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‘I knew you should have pulled out,’ she says, tossing the test strip to the ground.
‘I tried,’ he says. He wants to reach for her face and smooth the lines that have appeared across her forehead, take her hands in his and stop her chewing on her nails. ‘I thought you were on the pill.’
‘I was. God, I am!’
She stands and starts pacing.
‘Well,’ he says, ‘you know they say these things aren’t one hundred per cent.’
‘You could try not to sound so… undisturbed.’
‘Why? Why?!’ She stops in front of him, her eyes wide and incredulous. And angry, because she knows that he knows why. Or at least her reasons why.
‘Yes, why can’t we have a baby?’
‘And take care of it how?!’
‘We’re not exactly poverty stricken.’
‘Not exactly, no, but with this baby,’ she laughs, ‘with this baby we’ll soon be spacing out our meals – one-oh-one if we’re lucky.’
‘Don’t be a prophet of doom.’
‘Oh I’m not; one-oh-one is very optimistic.’
‘Do you know how much baby food costs? And if the baby has your appetite, we’re finished!’
He stops himself from laughing. She is angry. She continues before he can speak.
‘And we haven’t even talked of clothes and toys, hospital bills…’
‘Jesus God! What of when it’s time to start school? Are we going to send our child to some converted flat that some person who knows nothing about anything decided to call a school?’ She shudders. ‘Aunty Morayo International Private School… something like that.’
‘Onome, we’ll be okay. We’ve been saving.’
‘Ehn, but how much now. How much?’
He looks at his wife, her small body tense, and imagines her nine months into the future. She will not be delicate and fussy in her pregnancy – he knows her – and part of him wishes she would. He wouldn’t mind the chance to have her really depend on him for once, let him take care of her. He finds the thought of her waddling about the house, slow and heavy with their child, hands on her hips, strangely erotic.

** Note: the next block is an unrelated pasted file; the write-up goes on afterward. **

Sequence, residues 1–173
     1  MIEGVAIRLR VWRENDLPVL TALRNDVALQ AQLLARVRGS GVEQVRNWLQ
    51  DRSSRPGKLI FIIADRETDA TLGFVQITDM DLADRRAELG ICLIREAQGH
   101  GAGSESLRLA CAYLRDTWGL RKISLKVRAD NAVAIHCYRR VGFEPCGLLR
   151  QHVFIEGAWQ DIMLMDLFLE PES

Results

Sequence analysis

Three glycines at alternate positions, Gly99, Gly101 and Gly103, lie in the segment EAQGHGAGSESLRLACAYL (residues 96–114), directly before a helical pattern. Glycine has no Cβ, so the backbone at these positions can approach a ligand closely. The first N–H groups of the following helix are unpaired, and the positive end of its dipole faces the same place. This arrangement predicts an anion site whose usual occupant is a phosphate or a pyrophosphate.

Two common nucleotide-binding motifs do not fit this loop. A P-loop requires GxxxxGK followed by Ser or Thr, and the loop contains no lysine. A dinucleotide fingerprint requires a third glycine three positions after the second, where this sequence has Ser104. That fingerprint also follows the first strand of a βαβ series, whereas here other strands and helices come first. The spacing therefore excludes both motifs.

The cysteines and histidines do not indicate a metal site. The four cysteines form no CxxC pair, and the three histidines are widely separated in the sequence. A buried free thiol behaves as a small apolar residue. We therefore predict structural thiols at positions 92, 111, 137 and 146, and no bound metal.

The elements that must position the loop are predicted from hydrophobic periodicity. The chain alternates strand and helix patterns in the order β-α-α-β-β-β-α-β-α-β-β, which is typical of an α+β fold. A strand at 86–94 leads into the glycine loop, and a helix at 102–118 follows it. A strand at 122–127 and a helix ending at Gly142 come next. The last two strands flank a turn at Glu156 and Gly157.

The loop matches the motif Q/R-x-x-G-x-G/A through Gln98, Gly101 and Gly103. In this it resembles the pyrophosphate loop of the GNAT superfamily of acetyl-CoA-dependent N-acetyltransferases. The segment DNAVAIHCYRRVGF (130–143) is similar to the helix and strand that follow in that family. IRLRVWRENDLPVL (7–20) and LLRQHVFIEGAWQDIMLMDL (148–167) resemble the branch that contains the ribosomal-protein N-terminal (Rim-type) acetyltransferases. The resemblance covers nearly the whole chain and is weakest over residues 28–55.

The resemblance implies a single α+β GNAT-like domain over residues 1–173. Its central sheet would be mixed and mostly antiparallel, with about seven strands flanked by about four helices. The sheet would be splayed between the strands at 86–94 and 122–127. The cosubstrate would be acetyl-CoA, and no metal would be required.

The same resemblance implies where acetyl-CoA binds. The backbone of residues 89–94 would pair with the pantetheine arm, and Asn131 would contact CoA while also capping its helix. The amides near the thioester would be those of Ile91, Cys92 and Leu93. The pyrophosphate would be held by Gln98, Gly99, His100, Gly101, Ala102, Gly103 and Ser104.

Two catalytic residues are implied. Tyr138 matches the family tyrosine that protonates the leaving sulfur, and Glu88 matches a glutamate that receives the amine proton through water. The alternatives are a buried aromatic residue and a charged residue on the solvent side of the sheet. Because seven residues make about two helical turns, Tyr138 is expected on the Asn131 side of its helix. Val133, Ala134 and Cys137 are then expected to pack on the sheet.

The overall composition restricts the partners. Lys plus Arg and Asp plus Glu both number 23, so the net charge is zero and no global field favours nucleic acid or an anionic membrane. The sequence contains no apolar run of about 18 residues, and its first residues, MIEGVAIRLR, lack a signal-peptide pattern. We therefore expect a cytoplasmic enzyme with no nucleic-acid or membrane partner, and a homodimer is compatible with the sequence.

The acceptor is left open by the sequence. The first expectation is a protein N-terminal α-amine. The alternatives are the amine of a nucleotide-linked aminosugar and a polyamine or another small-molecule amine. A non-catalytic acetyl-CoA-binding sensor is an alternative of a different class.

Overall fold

‘Wale! You’ve not heard a thing I’ve been saying abi?’
She sighs and looks deflated. He stretches his arms out.
She looks at him, like a suspicious child.
She eyes him for a moment before obeying and going to him. She stands, not touching him, but close enough so he can take her hands and lower her gently onto the couch, in the space between his thighs. She leans back into him, and he wraps his arms around her, nuzzles her ear.
‘We will be fine.’
She half turns, an attempt to see his face.
‘How do you know?’
‘It takes more than money to raise children well, you know.’
‘I know, but money is important too. And we don’t have enough of it.’
‘We don’t have a surplus, but we’re okay.’
‘And we’re getting better. The store is starting to pick up; you have your job. Things are getting better. Say it with me: things are...’
‘Things are getting better.’
‘Not quite the spirit there, but I’ll take it.’
‘I’m sorry. But I don’t know if we’re ready yet. I just want them to have the best.’
‘They already do, with you.’
She says nothing, but he knows he’s getting through.
‘And me,’ he says. ‘At least, I hope and me.’
‘You’re the best,’ she says, as simply as she says the day of the week.
‘Great. With two of the best people in the world, how can our kids not be awesome?’
She smiles. ‘I don’t think they have a choice.’
‘Exactly!’ He plants a kiss on her neck. ‘Besides, we can’t ask God to take it back. No returns or refunds.’
‘So, my darling,’ he sings, turning her around to face him. ‘What do you say?’
‘I say… let’s do this.’